History of Emmaus

The Scriptures recount the many amazing things that happened following the Crucifixion of Jesus Christ. One of the stories in Luke 24:13-35 tells us about two men, disciples of Jesus, who are returning to Emmaus from Jerusalem. As they walk they speak about everything that has happened that Passover. Jesus joins them on the road. Distraught about the events the two do not recognize Him. He joins in their conversation and explains the Scriptures and their hearts are warmed. Their eyes are only fully opened to recognize Him when Christ takes the bread, blesses it and breaks it.

Joyfully they rush back to Jerusalem to share the news with the other disciples. The Walk to Emmaus gives contemporary disciples a parallel opportunity to rediscover Christ’s presence in their lives, to gain fresh understanding of God’s transforming grace, and to form friendships that foster faith and support spiritual maturity.

The story provides the image for the Emmaus movement, which came to South Africa in 1990 from the United Methodist Church in the USA, which in turn developed it from the Spanish Roman Catholic Cursillo de Christiandad (a short course in Christianity) which started in the late 1940’s. The movement is true to Protestant theology and is ecumenical in practice. God is using Emmaus in Southern Africa to bring renewal to Christians and their Church communities. Emmaus aims to inspire, challenge and equip local church members for Christian Action in their homes, church communities and places of work. It provides a means by which we can grow together in love and servanthood as members of the Body of Christ.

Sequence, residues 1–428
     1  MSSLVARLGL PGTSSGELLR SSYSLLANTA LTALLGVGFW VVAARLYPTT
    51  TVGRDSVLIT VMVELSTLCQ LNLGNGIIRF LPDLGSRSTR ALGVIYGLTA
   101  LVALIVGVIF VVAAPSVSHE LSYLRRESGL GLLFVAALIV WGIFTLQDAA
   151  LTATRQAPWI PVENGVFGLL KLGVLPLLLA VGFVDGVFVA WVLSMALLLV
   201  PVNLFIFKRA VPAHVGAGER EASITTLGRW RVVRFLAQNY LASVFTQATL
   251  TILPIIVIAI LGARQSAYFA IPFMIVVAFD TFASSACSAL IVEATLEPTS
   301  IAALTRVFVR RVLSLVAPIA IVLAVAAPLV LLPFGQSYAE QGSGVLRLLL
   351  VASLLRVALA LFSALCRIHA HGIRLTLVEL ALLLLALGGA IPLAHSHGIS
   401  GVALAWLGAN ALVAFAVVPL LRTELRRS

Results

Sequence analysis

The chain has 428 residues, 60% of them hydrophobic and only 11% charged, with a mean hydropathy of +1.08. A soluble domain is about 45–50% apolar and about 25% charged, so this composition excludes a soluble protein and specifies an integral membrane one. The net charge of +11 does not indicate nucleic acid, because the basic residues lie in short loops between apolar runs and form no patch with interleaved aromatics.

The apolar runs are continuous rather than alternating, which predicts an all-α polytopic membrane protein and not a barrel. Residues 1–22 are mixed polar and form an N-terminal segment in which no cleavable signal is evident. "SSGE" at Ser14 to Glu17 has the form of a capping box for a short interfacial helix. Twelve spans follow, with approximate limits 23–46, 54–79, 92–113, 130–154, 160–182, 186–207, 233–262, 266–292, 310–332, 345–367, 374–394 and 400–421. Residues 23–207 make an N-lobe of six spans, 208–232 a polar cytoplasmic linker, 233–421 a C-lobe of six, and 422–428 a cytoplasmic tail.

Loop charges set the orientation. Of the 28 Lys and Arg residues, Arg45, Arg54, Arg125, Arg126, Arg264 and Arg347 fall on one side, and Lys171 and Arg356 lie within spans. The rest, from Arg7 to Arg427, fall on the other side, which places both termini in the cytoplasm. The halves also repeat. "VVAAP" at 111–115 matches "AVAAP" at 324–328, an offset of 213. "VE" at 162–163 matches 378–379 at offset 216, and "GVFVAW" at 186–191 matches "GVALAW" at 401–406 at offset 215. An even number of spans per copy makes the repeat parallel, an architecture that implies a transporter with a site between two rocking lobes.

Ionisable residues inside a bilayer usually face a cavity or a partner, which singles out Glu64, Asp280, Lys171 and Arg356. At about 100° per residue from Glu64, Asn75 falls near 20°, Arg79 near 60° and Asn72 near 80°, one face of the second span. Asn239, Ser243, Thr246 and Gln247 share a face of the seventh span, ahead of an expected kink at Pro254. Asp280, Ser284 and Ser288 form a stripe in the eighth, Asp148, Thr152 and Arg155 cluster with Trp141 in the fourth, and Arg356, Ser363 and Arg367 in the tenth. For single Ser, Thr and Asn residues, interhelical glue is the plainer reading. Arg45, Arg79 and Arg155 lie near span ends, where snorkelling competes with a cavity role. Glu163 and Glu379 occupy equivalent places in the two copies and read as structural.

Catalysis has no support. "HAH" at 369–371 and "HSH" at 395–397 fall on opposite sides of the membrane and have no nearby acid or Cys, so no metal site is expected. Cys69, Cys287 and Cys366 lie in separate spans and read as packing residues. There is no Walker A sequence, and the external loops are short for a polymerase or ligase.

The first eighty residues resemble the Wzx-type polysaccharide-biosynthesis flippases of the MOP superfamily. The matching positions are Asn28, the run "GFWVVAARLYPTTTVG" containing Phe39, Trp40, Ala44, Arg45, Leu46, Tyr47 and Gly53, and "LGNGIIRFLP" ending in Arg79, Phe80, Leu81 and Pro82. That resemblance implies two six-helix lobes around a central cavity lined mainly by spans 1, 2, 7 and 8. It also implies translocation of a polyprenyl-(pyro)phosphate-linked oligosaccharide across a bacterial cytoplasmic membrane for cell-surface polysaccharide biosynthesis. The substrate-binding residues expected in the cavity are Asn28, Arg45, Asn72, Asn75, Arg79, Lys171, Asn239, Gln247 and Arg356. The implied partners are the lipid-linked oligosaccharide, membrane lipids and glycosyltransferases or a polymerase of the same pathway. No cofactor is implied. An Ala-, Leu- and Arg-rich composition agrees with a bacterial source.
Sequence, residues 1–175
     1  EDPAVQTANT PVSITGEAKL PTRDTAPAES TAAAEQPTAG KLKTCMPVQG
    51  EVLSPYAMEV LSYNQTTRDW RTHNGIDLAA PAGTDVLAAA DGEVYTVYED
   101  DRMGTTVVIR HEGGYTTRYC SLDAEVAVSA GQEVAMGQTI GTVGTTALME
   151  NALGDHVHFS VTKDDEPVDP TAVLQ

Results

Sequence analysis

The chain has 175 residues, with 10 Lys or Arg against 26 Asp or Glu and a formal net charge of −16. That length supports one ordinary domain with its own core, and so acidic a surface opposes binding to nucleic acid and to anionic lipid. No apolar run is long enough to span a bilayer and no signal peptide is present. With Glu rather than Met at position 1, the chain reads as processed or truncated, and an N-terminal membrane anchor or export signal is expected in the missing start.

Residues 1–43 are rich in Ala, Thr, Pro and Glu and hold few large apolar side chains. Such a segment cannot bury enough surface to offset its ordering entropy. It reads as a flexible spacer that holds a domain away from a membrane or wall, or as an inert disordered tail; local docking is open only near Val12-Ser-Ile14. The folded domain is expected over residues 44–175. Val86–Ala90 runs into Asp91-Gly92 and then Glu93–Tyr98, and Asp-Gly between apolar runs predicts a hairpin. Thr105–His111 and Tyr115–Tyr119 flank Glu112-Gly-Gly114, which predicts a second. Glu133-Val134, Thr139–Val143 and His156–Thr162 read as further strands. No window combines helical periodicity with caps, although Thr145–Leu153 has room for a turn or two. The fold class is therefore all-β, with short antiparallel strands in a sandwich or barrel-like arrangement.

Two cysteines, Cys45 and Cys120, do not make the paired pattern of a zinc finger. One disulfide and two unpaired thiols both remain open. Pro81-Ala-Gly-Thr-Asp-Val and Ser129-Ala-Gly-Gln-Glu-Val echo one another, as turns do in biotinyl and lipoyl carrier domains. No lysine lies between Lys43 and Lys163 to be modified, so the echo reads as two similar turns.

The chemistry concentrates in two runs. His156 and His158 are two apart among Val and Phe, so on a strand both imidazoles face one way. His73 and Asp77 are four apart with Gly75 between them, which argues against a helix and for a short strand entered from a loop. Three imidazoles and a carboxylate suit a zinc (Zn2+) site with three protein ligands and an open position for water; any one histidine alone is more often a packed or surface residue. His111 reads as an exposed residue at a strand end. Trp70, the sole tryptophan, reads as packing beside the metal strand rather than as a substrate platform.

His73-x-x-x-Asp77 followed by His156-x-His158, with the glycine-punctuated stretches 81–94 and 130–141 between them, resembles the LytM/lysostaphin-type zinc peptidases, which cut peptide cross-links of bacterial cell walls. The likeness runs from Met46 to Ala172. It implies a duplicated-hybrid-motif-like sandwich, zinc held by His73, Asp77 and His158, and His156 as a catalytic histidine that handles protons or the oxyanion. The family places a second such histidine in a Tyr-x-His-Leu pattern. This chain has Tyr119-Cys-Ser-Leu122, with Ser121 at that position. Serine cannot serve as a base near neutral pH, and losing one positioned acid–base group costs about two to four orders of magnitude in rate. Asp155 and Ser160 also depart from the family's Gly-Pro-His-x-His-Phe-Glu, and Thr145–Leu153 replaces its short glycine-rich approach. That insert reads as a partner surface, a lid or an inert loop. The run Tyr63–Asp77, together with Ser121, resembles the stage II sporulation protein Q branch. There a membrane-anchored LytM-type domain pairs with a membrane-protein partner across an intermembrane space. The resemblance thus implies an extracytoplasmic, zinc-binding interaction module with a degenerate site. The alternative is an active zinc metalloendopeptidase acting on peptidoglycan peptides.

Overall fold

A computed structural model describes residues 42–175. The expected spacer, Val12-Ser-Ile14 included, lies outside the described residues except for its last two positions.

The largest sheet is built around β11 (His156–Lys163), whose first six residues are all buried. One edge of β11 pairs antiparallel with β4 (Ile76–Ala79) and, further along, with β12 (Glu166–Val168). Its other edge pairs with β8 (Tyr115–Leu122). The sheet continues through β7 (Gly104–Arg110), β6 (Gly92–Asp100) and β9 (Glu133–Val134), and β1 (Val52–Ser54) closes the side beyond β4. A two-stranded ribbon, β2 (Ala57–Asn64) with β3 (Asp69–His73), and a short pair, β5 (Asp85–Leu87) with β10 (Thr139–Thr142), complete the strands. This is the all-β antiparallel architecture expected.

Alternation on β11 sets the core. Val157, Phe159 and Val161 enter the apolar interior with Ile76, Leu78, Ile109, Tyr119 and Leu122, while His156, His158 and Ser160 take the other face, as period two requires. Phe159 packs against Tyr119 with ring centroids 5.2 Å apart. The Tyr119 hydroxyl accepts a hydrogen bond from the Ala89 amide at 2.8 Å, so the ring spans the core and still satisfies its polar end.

Emmaus is for growing Christians who are open to experience the Grace and Love of God in new ways through the Christian community. More especially, it is for those who will be committed to make a difference as a result of this experience. There is any number of Emmaus communities in Southern Africa at present. These fall under the jurisdiction of the Emmaus Ministries South Africa Board. The Emmaus Ministries South Africa Board receives and accepts guidance from the Upper Room and its executive International Advisory Committee.

An Emmaus community is made up of individuals in a local area who have attended the Walk. They meet in small groups or as a larger body for fellowship, Communion and encouragement. They also assist in conducting Emmaus Walks by agreement with the Upper Room.